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File / Jaime Danies

The lawsuit requests that the University add $100 million to its employees’ retirement accounts.

An anonymous Columbia employee has initiated a $100-million class action lawsuit against the University, alleging mismanagement of funds in the retirement plans Columbia offers to its employees.

Columbia is already dealing with several other high-profile legal disputes. Its ongoing efforts to prevent graduate students from unionizing are currently stalled before the National Labor Relations Board; a former employee of the University Chaplain’s office has brought complaints of discrimination to New York City’s Commission on Human Rights; and Columbia is currently tied for the second most Title IX complaints among American universities.

Columbia maintains a general policy of not commenting on pending litigation, but has stated that it is proud of the retirement benefits it offers.

The lawsuit, which was filed in the federal district court for the Southern District of New York, requests that the University add at least $100 million to its employees’ retirement accounts to make up for allegedly overcharging retirees on investment fees and recordkeeping. Since August, eight other prominent universities have been targeted with similar lawsuits, and private sector firms like Lockheed Martin have already settled claims of retirement fund mismanagement for $62 million.

Lawyers familiar with this kind of litigation said that the case could drag on for years if no settlement is reached. If the university does lose, massive potential payouts may draw on the University’s fiscal resources at a time when central administration costs are already growing.

The lawsuit accuses Columbia of two major breaches of its legal responsibility to safeguard its retirees’ money. The first allegation is that Columbia hired two firms to keep records, and in doing so spent more money than it needed to; the second is that Columbia offered plans that included investments associated with higher fees than a large institution would generally pay.

While the University may settle the case if it goes to trial, a loss could force Columbia to reimburse its retirees for hundreds of millions. Gretchen Harders, a lawyer with New York law firm Epstein Becker & Green’s employee benefits practice, said that the costs of a judgement against Columbia could be as high as $480 million—10 percent of the $4.8 billion in retirement investments targeted in the lawsuit. In this scenario, Columbia would also be expected to reimburse the plaintiffs’ legal fees.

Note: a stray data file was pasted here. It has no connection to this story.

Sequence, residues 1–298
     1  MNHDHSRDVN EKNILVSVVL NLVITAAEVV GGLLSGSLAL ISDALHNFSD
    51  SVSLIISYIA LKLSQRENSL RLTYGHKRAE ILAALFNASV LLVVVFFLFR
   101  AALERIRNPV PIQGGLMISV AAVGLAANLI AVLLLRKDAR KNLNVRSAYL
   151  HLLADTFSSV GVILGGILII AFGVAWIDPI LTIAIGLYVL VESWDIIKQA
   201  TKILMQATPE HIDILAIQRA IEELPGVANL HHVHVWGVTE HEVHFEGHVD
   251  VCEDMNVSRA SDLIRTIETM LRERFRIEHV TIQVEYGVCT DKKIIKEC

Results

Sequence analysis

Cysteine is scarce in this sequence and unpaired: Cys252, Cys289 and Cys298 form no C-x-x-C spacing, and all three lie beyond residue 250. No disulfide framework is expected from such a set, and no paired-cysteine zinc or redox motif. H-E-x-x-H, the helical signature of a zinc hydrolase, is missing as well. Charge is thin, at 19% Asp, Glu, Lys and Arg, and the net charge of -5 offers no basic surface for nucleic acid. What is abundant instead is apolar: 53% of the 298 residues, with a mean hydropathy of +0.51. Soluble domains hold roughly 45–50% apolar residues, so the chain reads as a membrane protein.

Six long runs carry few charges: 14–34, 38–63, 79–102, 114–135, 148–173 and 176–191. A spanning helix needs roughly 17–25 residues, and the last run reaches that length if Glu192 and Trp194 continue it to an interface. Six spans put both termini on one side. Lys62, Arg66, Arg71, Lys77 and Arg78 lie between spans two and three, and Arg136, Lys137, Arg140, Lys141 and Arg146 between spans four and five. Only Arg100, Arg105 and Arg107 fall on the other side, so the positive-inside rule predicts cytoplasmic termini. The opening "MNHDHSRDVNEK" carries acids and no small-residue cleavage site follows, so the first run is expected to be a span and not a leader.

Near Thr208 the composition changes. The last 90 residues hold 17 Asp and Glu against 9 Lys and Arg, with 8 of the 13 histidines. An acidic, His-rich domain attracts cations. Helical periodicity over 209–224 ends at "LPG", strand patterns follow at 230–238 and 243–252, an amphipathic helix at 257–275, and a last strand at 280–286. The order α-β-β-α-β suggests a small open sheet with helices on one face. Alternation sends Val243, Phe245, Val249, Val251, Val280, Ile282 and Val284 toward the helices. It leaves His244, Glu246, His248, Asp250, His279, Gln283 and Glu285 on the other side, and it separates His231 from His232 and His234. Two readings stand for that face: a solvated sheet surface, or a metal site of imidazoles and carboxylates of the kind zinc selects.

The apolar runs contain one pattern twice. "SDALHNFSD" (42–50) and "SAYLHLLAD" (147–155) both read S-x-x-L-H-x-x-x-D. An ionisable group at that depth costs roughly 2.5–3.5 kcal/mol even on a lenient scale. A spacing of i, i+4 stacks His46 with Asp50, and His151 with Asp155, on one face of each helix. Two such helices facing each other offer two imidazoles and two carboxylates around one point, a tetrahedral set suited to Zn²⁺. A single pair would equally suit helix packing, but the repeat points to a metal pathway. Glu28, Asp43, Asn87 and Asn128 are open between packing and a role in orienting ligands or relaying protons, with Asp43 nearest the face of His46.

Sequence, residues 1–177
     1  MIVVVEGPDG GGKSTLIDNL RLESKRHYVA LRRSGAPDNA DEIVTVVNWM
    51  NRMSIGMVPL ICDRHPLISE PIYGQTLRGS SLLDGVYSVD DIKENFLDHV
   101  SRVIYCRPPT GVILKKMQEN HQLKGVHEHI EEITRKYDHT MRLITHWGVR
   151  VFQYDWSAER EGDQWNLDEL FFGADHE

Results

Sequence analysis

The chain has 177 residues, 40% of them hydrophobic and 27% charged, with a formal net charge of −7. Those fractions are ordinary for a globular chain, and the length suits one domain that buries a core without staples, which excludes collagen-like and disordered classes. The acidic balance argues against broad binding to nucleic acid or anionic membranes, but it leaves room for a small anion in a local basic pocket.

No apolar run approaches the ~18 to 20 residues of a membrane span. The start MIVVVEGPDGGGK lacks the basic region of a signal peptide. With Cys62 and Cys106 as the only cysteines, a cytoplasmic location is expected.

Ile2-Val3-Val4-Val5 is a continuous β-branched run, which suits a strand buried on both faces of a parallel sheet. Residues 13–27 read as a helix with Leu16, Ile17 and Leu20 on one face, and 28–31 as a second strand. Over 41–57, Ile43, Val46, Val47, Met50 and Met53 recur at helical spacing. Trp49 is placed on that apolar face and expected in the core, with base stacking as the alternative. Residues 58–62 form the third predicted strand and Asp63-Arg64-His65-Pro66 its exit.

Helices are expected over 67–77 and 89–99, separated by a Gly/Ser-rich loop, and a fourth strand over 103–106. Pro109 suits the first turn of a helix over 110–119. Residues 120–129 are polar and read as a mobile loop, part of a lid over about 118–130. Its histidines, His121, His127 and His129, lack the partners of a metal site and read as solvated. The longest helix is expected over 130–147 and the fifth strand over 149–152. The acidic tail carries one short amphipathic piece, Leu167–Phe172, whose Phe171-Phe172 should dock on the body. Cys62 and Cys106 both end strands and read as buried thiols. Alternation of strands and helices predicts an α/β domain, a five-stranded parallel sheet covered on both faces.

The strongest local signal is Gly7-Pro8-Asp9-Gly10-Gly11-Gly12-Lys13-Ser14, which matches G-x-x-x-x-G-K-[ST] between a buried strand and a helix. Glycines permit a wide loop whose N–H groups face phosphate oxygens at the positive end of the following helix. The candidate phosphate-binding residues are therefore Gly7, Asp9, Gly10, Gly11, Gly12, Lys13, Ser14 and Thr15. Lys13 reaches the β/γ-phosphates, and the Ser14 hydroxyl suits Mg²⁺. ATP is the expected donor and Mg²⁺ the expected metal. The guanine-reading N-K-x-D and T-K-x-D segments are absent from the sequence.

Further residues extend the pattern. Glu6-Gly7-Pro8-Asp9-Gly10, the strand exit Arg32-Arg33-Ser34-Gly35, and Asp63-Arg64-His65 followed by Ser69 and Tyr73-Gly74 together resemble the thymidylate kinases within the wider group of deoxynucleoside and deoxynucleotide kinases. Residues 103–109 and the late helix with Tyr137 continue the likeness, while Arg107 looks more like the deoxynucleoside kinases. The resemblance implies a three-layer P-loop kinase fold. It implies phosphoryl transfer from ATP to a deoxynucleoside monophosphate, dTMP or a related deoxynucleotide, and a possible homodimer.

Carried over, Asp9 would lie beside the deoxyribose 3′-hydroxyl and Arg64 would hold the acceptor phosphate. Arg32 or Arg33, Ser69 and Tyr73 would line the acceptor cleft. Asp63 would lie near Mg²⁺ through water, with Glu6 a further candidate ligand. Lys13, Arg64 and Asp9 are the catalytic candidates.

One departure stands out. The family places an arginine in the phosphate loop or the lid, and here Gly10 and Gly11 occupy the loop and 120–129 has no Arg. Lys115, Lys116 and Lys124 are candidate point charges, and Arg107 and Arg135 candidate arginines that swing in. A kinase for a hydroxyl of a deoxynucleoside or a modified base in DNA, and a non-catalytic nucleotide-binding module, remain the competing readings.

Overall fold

Harders said that even if the allegations were true, the case hinged on whether Columbia had a process in place for scrutinizing decisions about investments.

“The way that the courts have come out in looking at these cases, it’s all about the process,” Harders said. “You can maybe make the wrong decision, but [you’re not liable] as long as you’ve engaged in a prudent process. If they did not meet frequently, that will create a risk for Columbia in terms of defending decisions they made.”

The lawsuit, which was filed in August, is still in its earliest stages. Columbia may file a motion to immediately dismiss the case or seek to gather more information and conduct interviews, after which it could file another motion to resolve the case without trial.

But Wilma Liebman, a former chair of the National Labor Relations Board, said that it could be a long time before the case moves to the next stage, and potentially years before it is settled.

“A trial date could certainly be down the road,” Liebman said. “Let’s just put it this way: It’s not quick and it’s not cheap.”

eli.lee@columbiaspectator.com | @columbiaspec

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